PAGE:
Glory is presented in the original aspect ratio of 1.85:1, in 1080p using the MPEG-4 AVC code.
This is quite a soft and grainy picture, especially in wide shots, but I suspect that this is the source material, not the HD authoring. Close ups are, however, clear and detailed, the colours subdued but natural. Blacks are fine and shadow detail very good. Skin tones are natural, brightness and contrast consistent.
There are some minor marks but otherwise I did not notice any artefacts.
Subtitles are offered in a range of European languages, plus Arabic. There is also English for the vision impaired, plus subtitles in French, German, English and Dutch for the audio commentary.
Feature audio options are English, French and German, all Dolby True-HD 5.1, plus the audio commentary, Dolby Digital 2.0.
As notes above, the film won an Oscar for sound design. It is not as aggressive as more recent film mixes but the dialogue is clear and the sound stage comes to life during the battle sequences with gunshots, yells, cannons and explosions reverberating around the room. The sub-woofer added depth to explosions and cannons, as well as the music.
The score by James Horner is epic and majestic, a wonderful support for the visuals.
There are no lip synchronisation issues.
|Surround Channel Use|
Edward Zwick is not the most fluid speaker but he is passionate about the film and talks about the reenactors, the production design, using rain, smoke and mist, the low budget, the music, the cast, things he would have done differently, errors and reshoots. Certainly worth a listen.
Using the mouse, click on text screens to get information about various Civil War battles including the commanding generals, numbers of soldiers, causalities and result. Some also have a video explanation by a professor of history.
Consists of film footage, black and white photographs, comments by historian James O. Horton and readings from letters sent by soldiers of the 54th Massachusetts about the prejudice they faced and the pay dispute.
Made in 1991 and narrated by Morgan Freeman this is an excellent piece, a history of the 54th Massachusetts from formation to disbanding, including their war campaign after the events of Fort Wagner, the pay issue, their legacy and the current reenactors; it uses black and white photographs, film footage, paintings and sketches.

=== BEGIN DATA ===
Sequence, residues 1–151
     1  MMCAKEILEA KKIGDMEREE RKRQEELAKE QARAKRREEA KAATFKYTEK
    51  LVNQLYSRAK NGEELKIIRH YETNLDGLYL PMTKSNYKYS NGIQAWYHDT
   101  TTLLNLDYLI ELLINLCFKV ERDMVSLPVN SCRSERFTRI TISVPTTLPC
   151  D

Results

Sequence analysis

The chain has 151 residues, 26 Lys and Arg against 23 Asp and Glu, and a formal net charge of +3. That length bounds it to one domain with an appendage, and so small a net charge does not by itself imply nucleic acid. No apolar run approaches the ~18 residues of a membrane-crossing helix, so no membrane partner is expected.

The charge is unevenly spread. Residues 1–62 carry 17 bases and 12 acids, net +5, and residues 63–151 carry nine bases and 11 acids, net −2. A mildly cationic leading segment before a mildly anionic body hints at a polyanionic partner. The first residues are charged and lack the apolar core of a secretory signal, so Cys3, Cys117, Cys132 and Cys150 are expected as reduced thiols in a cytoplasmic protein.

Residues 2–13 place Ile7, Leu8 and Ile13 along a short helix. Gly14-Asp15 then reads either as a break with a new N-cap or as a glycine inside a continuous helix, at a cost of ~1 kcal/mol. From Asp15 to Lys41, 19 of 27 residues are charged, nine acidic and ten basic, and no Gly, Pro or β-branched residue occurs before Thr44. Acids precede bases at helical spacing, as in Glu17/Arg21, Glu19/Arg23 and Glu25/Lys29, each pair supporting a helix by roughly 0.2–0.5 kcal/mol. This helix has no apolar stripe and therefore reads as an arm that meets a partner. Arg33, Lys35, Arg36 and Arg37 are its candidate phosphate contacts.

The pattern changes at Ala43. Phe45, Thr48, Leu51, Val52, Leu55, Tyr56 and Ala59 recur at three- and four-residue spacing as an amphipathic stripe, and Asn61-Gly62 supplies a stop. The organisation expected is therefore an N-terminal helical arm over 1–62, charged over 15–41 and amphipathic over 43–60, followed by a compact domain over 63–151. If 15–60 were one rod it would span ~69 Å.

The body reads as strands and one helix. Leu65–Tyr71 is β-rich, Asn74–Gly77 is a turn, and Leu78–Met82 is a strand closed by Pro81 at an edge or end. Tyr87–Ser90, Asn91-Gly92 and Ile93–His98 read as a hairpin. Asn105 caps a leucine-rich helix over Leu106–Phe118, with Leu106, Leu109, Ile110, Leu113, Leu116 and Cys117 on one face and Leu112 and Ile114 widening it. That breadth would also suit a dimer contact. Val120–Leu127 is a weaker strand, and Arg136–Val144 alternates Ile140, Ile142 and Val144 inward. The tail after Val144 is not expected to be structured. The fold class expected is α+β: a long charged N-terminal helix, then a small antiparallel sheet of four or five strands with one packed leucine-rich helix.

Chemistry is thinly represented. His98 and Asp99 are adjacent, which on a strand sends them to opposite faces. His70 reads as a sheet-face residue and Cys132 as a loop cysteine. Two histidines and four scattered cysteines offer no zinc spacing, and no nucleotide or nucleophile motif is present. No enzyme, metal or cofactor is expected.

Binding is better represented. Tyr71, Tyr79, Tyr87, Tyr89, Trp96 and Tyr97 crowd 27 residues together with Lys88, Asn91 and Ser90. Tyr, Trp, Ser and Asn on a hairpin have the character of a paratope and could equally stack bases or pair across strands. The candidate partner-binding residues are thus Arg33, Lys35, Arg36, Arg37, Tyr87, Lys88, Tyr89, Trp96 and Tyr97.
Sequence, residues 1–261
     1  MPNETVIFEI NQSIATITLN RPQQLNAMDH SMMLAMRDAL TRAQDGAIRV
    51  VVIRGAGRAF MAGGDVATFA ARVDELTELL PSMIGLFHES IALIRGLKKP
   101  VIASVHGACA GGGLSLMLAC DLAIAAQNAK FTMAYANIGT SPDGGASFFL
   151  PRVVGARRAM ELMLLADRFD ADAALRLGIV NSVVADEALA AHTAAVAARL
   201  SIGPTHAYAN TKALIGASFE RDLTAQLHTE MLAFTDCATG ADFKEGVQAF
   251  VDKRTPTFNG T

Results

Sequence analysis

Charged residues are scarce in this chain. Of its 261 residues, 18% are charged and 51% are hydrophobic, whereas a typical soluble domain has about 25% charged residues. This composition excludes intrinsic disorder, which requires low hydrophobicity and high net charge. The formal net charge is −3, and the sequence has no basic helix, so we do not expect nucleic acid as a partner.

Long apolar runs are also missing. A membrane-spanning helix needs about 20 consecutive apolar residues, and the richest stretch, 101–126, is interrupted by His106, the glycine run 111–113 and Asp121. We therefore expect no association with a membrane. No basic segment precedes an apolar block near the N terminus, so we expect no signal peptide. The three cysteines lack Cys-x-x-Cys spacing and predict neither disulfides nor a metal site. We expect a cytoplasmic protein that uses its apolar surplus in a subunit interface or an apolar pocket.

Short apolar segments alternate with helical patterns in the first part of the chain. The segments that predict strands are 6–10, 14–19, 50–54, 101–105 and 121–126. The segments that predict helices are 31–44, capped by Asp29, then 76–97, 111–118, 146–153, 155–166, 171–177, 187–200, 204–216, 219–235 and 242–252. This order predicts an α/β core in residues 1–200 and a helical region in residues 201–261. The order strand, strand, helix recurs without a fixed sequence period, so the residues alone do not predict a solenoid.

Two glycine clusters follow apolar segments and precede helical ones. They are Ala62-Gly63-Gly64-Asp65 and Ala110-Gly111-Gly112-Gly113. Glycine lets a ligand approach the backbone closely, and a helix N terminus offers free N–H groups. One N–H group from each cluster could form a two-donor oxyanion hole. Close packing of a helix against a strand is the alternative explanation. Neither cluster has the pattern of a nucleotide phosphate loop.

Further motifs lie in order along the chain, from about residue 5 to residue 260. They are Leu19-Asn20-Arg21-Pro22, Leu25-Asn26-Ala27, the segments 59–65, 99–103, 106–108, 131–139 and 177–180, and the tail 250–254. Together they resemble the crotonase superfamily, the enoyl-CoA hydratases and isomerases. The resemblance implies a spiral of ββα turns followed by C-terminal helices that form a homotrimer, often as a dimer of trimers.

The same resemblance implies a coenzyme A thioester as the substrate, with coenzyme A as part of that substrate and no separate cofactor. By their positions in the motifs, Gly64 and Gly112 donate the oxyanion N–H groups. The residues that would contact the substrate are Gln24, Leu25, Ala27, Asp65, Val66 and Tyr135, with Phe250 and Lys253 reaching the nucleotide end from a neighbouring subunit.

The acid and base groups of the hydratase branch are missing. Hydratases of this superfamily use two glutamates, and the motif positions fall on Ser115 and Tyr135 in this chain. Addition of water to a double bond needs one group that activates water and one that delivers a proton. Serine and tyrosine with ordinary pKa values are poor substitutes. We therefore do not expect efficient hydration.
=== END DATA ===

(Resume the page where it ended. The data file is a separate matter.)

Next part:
Made in 1989 this is an old style extended promotion piece with historical background, film and behind the scenes footage and brief comments by the director, 4 main cast members, two producers and the stunt coordinator.
Two deleted scenes with an optional commentary by the director. He explains where the scenes would have fitted into the film and gives the reasons they were deleted. One scene he likes but he is quite candid, saying one of the scenes was his worst work in the film! The scenes are:
Access other content via the internet.
NOTE: To view non-R4 releases, your equipment needs to be multi-zone compatible and usually also NTSC compatible.
The US Region A Blu-ray of Glory is the same as ours except for some dub and subtitle options. The Region B UK release is identical to ours, right down to the disc menus.
Glory is a wonderful film, still moving, entertaining and very relevant today with its depiction of prejudice and heroism. One of the very best Civil War films, a tribute to all involved.
The video is good, the audio impressive. The extras are genuine and impressive. The film has been released previously on DVD and reviewed on this site here. Most of the extras are repeated from the previous DVD release although we miss out on the Isolated Music Score although the Virtual Civil War Battlefield is new.
Any fan of the film or war epics will welcome the arrival of this fabulous film in a good Blu-ray package.
|DVD||Sony BDP-S580, using HDMI output|
|Display||LG 55inch HD LCD. This display device has not been calibrated. This display device is 16x9 capable. This display device has a maximum native resolution of 1080p.|
|Audio Decoder||NAD T737. This audio decoder/receiver has not been calibrated.|
|Speakers||Studio Acoustics 5.1|